I mention these credentials to emphasise how respected and mainstream these guys are before I mention the finding of their paper, entitled “The Logic of Hereditary Rule: Theory and Evidence” (pdf, seems to be quite an early working paper), which is that hereditary rule/monarchy outperforms democracy but only when the hereditary ruler is subject to few constraints on their power.

Hereditary leadership has been an important feature of the political landscape throughout history. This paper argues that it can play a role in improving economic performance when it improves intertemporal incentives. We use a sample of leaders between 1848 and 2004 to show that economic growth is higher in polities with hereditary leaders but only when executive constraints are weak.

This finding is mirrored in policy outcomes which affect growth. There is also evidence that dynasties end when the economic performance of leaders is poor suggesting that hereditary rule is tolerated only where there are policy benefits. Finally, we focus on the case of monarchy where we find, using the gender of first-born children as instrument for monarchic succession, that monarchs increase growth.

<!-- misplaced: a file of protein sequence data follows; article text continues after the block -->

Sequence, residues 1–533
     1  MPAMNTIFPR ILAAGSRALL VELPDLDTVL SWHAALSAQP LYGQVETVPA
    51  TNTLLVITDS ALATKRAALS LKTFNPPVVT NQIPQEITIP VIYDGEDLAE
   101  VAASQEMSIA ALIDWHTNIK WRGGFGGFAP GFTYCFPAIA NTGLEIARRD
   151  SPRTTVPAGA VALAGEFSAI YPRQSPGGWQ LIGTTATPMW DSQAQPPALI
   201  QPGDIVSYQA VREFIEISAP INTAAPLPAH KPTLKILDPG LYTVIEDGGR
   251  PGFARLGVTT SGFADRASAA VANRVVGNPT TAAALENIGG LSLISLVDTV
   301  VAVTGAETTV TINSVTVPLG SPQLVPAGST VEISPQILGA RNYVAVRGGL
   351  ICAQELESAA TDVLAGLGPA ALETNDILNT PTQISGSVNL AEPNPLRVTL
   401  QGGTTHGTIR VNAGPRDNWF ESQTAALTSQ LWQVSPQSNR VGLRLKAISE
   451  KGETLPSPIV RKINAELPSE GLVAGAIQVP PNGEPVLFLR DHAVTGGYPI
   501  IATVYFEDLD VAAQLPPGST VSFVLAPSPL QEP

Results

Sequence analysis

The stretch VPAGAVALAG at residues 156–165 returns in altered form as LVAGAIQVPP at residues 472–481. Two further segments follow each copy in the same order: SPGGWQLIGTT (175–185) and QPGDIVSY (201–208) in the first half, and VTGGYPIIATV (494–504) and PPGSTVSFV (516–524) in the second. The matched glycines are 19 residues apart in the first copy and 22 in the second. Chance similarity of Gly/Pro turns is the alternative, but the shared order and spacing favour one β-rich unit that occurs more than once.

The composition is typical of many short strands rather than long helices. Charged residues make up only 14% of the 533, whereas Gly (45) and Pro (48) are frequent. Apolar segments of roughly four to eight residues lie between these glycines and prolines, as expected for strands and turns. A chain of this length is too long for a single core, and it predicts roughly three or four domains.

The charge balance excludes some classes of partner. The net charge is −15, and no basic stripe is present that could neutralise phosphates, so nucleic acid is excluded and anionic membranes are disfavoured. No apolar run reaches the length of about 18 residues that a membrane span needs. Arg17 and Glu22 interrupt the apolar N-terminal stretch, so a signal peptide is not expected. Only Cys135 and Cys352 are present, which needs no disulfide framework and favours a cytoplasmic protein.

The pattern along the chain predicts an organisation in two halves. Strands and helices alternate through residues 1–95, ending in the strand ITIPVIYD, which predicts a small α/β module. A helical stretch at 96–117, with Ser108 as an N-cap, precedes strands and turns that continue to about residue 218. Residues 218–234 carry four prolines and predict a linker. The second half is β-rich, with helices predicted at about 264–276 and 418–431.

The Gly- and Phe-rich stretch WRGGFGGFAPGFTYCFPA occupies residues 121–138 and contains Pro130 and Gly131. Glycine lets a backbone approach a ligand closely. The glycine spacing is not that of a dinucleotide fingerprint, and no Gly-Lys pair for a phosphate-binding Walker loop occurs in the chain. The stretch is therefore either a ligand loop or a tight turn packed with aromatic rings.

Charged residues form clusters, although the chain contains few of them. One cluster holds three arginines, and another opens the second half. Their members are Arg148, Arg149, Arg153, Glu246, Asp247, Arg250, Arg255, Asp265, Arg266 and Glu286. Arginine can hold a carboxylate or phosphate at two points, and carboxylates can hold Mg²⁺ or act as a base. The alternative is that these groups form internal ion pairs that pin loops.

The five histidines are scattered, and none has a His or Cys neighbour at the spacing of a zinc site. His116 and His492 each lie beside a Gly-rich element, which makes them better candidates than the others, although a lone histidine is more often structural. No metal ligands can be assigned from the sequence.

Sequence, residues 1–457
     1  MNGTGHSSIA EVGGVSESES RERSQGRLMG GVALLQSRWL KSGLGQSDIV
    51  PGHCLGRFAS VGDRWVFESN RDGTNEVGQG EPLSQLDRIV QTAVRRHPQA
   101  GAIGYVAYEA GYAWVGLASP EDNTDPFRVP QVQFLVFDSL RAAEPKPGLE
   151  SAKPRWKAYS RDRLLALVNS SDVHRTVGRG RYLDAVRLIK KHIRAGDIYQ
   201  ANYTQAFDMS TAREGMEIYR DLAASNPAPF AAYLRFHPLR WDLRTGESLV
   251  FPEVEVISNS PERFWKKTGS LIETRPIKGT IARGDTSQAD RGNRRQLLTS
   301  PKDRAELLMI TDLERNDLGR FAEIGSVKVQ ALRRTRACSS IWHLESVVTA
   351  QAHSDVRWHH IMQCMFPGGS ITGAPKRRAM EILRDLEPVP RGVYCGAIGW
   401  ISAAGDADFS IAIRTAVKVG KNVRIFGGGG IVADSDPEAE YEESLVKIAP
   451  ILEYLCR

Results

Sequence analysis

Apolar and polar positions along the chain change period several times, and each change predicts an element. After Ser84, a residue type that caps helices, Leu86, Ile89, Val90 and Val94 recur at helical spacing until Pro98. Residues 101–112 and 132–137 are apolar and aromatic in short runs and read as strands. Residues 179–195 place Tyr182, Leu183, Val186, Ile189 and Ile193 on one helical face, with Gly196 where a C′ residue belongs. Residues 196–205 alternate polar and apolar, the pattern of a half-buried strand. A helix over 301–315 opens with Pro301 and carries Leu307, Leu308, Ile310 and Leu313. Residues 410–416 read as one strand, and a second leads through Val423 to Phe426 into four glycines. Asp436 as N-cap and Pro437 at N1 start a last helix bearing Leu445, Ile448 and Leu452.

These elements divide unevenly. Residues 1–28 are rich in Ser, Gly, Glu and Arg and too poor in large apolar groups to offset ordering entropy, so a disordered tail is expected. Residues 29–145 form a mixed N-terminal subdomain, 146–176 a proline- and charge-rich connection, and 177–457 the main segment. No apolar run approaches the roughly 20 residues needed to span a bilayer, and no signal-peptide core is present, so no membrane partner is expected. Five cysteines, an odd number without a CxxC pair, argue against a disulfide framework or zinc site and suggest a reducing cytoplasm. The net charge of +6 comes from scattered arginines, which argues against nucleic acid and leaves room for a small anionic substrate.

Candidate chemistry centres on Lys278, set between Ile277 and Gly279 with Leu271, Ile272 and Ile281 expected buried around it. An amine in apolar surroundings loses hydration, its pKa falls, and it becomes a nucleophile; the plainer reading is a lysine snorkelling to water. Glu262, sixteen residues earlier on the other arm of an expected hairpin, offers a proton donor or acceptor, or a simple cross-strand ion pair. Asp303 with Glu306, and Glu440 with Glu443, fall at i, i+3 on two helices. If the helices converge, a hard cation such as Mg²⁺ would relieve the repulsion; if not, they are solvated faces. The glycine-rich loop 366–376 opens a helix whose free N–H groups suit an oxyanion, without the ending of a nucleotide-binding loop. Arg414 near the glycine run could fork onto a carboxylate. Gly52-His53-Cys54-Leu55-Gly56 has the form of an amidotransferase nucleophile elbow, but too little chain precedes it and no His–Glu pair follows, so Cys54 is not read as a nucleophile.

That is: hereditary monarchs with lots of legal power choose better policy than other systems do, including democracies, non-hereditary dictators, and weak hereditary monarchs, and this is reflected in higher growth.

The size of the coefficient suggests that, in a country with weak executive constraints, going from a non-hereditary leader to an hereditary leader, increases the annual average economic growth of the country by 1.03 percentage points per year.

That’s a really really big difference.

Of course, they’re not saying they actually favour hereditary monarchy!

Although we have tried to understand the logic of hereditary rule, we do not regard the findings of the paper as supporting the institutions of hereditary rule. There are many arguments against, going back at least to Paine (1776), about the inherent injustice in such systems. Moreover, the fact that many polities around the world have put an end to hereditary rule and establish strong executive constraints is no accident since this is arguably a much more robust way to control leaders than relying on the chance that succession incentives will safe-guard the public interest.